(As previously seen on the Writer With a Passport blog.)
The Scottish have simple names for many places. For example, the road that connects the castle in Edinburgh to the rest of the Old Town is named: The Royal Mile. A famous square with many pubs and shops is named Grassmarket, because that’s where grass was sold back in the day. And, in this square, there is a simple little chocolate and gelato shop: Mary’s Milk Bar. However, nothing inside Mary’s place is simple; everything is quite extraordinary.
I stumbled upon Mary’s Milk Bar during a free walking tour of the city. The weather behaved unusually well during my week in Edinburgh, but I wanted to sip on something warm during our fifteen-minute break. I don’t know whether it was the chocolate or the retro look of the store that called to me, but I trusted my choice. I was determined to try this so-called “amazing” hot chocolate, which our guide had mentioned during his spiel. Praying that this drink wouldn’t cost me more than a few pounds—and by pounds, I mean the money used in the UK—I marched over to Mary’s Milk Bar to see what all the fuss was about.
When you enter Mary’s, the aroma of chocolate is strong; you can almost taste it in your mouth. It’s like getting a free sample, right off the bat. I took my place in line—it was quite busy in the little shop—and looked around. Handmade chocolates are displayed on shelves and placed in clear bags with ribbons, or boxes with clear tops—just the way chocolate should be displayed. The lights on the wall are shaped like glass ice cream cones, and every item displayed is nostalgic of a 1950’s era American ice cream shop, but is actually modeled after milk bars that were popular between the 1920’s and 1960’s in the UK. Behind a glass counter, rows of gelato wait, like sweet and icy sirens screaming to be eaten. And, to make it all complete, Mary stands behind the counter, wearing a sweet smile, personally attending to each customer.
I looked at the menu, trying to decide which hot chocolate I wanted to try. Yes, you bet there are options! Dark chocolate has always been my favorite, so I opted for the dark chocolate with sea salt. I happily handed over £2.50 to Mary, and gave the concoction a taste. Were my taste buds blown away? Um… YES. I promised Mary I’d be back to try the other flavors, and practically floated out of her store because I was high on chocolate.
Why is this drink so good? Well, I’ll tell you why: Mary uses real chocolate (not the powder crap), which is melted, and then mixed with yummy, frothy milk. It’s the real deal, and I can’t believe I’m going to say this, but: It’s even better than the famous hot chocolate in Paris.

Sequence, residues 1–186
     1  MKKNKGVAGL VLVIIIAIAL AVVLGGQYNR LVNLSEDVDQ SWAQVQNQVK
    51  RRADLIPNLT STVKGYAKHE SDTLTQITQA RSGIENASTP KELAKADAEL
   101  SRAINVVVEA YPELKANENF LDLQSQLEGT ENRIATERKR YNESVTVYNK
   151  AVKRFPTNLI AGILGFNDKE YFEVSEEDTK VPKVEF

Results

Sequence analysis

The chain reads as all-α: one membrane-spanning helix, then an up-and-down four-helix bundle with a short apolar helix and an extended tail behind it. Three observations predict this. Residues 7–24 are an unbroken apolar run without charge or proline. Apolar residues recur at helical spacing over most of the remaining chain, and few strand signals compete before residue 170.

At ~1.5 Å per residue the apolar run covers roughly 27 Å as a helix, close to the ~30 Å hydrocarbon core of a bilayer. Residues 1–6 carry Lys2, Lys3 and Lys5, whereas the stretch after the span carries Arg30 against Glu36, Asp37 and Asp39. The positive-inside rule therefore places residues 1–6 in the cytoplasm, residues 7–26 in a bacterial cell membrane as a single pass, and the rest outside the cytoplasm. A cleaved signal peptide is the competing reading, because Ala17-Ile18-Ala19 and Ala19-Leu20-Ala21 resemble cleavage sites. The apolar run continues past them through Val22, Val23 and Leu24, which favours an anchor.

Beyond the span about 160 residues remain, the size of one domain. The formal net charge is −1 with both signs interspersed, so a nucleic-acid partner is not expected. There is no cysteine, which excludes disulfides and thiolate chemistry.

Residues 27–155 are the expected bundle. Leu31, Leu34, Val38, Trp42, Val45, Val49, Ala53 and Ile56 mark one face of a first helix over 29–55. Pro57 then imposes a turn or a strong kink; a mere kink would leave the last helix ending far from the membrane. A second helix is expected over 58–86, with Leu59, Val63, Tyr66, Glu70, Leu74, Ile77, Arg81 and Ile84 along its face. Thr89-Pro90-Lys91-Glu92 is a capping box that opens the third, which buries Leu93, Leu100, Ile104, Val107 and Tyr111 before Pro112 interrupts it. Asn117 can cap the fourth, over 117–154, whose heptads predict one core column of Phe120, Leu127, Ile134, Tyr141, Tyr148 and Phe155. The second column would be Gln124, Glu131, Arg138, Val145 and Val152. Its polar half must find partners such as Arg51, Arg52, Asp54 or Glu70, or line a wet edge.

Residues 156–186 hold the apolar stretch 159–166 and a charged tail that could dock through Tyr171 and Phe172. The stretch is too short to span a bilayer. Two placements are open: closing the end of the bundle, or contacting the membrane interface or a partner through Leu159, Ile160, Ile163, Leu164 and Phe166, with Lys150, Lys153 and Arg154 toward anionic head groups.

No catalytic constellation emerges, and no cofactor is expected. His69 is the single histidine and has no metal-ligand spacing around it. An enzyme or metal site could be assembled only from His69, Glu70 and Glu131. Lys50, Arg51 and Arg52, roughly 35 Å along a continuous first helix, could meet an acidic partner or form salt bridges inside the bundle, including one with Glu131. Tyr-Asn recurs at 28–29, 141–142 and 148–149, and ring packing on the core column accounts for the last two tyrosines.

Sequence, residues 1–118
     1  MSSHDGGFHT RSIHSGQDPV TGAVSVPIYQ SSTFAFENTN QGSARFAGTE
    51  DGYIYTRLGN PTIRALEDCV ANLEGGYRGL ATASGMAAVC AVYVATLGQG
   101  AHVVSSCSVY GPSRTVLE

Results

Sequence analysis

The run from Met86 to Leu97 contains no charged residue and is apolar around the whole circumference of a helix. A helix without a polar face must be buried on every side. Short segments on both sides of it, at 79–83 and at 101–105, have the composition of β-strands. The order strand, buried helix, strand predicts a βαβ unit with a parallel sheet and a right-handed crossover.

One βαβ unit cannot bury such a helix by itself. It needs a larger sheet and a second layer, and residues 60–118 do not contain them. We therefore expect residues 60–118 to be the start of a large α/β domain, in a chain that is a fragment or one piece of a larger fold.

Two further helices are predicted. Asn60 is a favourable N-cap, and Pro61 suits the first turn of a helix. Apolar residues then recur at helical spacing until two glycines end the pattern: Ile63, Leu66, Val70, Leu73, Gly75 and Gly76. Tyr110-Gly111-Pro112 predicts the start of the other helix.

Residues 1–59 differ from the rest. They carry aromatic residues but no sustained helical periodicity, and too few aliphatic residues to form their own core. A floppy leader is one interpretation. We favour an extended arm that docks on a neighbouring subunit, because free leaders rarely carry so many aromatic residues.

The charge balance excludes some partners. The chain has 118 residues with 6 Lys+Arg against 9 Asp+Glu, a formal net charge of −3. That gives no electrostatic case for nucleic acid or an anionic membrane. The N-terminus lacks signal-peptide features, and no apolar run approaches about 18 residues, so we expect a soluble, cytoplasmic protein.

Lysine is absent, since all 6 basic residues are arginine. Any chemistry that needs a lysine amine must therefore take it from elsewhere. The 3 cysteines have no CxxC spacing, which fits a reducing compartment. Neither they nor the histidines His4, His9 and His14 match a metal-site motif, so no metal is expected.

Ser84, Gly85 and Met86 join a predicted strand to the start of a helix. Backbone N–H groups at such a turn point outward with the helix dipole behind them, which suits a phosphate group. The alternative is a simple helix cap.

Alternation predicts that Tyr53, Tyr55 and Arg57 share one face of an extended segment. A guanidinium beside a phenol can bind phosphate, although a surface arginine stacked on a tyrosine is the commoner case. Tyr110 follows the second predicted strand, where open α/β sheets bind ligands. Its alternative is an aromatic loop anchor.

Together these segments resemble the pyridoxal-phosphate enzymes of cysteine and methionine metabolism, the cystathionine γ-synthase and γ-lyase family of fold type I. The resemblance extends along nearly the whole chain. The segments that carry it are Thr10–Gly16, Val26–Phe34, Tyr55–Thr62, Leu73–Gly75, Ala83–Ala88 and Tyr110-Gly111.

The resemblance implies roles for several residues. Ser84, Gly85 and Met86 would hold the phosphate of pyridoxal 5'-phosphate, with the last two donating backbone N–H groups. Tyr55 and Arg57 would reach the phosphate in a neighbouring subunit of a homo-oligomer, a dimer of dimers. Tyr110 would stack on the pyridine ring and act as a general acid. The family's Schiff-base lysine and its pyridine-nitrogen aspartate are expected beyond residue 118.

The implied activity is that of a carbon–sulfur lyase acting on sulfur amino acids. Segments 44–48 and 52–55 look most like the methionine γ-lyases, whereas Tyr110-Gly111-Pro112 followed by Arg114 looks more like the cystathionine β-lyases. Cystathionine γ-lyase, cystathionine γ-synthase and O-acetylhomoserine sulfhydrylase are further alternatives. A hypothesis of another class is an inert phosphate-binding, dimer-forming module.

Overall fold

I kept true to my promise to visit again (and again) to try the other hot chocolate flavors. Mary was only happy to oblige. Besides, I wanted to chat with this lovely lady, and find out how she made Mary’s Milk Bar a reality.
On the second visit, I tried the milk hot chocolate with orange and cinnamon. However, my dreams of interviewing Mary melted away—no pun intended—because the shop was busy that day (no surprise). I slipped out to the Grassmarket square and bought a crepe with butter and sugar, prepared in the French way. It was the perfect companion to that particular hot chocolate flavor.
Finally, on the third day, I was able to open the floodgates of my curiosity in regards to Mary and her shop. I ordered a white hot chocolate with cardamom. It was nothing short of ecstasy in my mouth.
When Mary had finished with another customer, I asked her if I could take a few snaps of the store, and she was more than agreeable. After my mini session of capturing the elements of the shop as best I could, I sat down by the window and began to chat with the store’s namesake.
Mary, like most entrepreneurs, tried quite a few different things until she found her niche. She told me that she had intended to open Mary’s Milk Shop, but not until later in life. However, life has a funny way of presenting opportunities when we least expect them, and Mary took her chance. Not even a full year in business, and the shop seems to be doing quite well. But it’s no surprise; after all, its owner is very creative, amiable, and talented. Mary was actually trained at an Italian Gelato school in Bologna, and therefore is a gelato graduate. She also worked as a chocolatier for five years, prior to starting her business. It’s safe to say: the lady knows what she’s doing.
In between my questions and her need to attend to customers, I gazed out the window of the storefront, in awe of the dreamy Edinburgh Castle in clear view. Talk about a million-dollar view while sipping on melted, milky chocolate. I felt like I was in a fairytale with a touch of retro, surrounded by chocolate and gelato that will make you forget about that afternoon pint.
After leaving Mary with my best wishes and gratitude, I actually felt somewhat hollow, realizing that it would be a long while before visiting Edinburgh again and being able to make a jaunt to Grassmarket to drink the world’s best hot chocolate. As I walked back to my hostel, I had a fleeting thought: Could Mary possibly mail me hot chocolate?
So, take it from a self-proclaimed chocolate connoisseur, who was taught the word “chocolate” at an early age: Mary’s Milk Bar is a must-see shop in Edinburgh. You owe it to yourself to make the trek. Perhaps, someday, Mary’s will be so well known, that people from all over the world make an annual pilgrimage. I know that if I get the chance to head back to the UK, this chocolate and gelato shop in Scotland will be on my priority list.
Add it to your list too, and when you drop in to see Mary and order a cup of her incredibly rich and drool-worthy hot chocolate, let her know I sent you.